- in the social graph (beyond people or types of people you already know – that is, beyond your own family, neighbors, and social cohort)
- in the organization (beyond your individual product team or business unit to consider the whole enterprise, which on a global level may be dependent on a toxic business model – see Facebook and Google above)
Listen to users to find out what they want BEFORE you build it. This suggestion flies in the face of current Silicon Valley thinking, which says to build it first (as per the wishes of investors, who prefer to play roulette by launching a million things at once) and then use the launch itself as the first opportunity for real customer input. I sincerely hope that we are passing that phase, now. As I wrote in Customers Included, there are tons of examples of companies that “built first, asked later” and wasted hundreds of millions of dollars. I can’t emphasize this enough: you should be building what what will benefit users in the long term, and you can find that out by listening to users before you build it. (As a reminder, I advise teams on how to do just this.)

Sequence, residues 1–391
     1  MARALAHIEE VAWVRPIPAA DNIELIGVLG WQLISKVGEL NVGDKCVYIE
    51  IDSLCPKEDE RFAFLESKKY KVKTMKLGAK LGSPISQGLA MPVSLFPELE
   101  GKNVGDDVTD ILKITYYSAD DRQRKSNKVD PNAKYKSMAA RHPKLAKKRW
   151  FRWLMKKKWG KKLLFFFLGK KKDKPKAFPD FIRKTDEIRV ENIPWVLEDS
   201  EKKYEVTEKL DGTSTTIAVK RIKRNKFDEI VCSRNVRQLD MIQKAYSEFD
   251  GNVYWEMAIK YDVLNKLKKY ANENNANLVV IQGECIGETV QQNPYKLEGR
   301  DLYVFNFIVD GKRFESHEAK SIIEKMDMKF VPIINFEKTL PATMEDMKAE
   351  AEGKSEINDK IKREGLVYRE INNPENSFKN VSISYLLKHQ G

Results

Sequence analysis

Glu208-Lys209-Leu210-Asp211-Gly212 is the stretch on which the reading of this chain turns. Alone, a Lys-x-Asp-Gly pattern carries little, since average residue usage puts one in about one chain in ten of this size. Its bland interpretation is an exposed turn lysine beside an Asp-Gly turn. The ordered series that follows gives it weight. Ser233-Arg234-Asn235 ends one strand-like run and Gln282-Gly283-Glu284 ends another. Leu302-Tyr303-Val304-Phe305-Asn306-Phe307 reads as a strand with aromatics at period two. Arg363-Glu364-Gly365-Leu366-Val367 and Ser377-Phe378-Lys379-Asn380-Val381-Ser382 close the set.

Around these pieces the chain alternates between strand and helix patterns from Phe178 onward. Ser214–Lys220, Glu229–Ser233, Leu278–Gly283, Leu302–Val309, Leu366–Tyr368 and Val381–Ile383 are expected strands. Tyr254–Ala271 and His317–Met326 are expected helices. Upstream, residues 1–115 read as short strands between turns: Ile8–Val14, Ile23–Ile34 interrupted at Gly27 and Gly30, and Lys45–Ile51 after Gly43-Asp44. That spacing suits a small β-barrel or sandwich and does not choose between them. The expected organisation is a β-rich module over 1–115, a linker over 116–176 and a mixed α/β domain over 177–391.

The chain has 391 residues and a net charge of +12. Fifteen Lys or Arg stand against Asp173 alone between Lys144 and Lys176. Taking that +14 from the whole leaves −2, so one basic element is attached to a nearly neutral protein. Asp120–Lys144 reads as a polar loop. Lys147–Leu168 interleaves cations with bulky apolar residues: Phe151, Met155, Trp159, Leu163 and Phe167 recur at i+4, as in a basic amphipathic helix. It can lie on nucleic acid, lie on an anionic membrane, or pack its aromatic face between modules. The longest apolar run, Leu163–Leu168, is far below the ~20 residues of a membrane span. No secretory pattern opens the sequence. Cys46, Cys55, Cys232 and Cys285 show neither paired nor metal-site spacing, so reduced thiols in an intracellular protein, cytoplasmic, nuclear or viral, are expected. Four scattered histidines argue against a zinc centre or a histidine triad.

If your company doesn’t listen, quit your job – if you can. Former Amazon distinguished engineer Tim Bray quit his job at Amazon: here’s the NYT profile from 2020. Stacy Mitchell quit her job at Yale after her director was found to have been paid (off) by Big Tech. I once did a whole show on whistleblowers in tech, featuring people like Jack Poulson, who quit his job at Google when he saw unethical behavior at the highest levels of the company. Many people can’t afford to quit their jobs – and others prefer to organize within the company – but whatever you choose to do, at least consider your options.
Overall, the approach is simple: Work for the long-term benefit of users and communities. Consider the outcomes. And don’t cheat. If we had a tech industry that followed that ethical approach, just imagine how different the world would be.
Here at Creative Good, we’re building a community of people working to make tech better. Join us.
Happy new year, everyone. Until next time,
Mark Hurst, founder, Creative Good – see official announcement and join as a member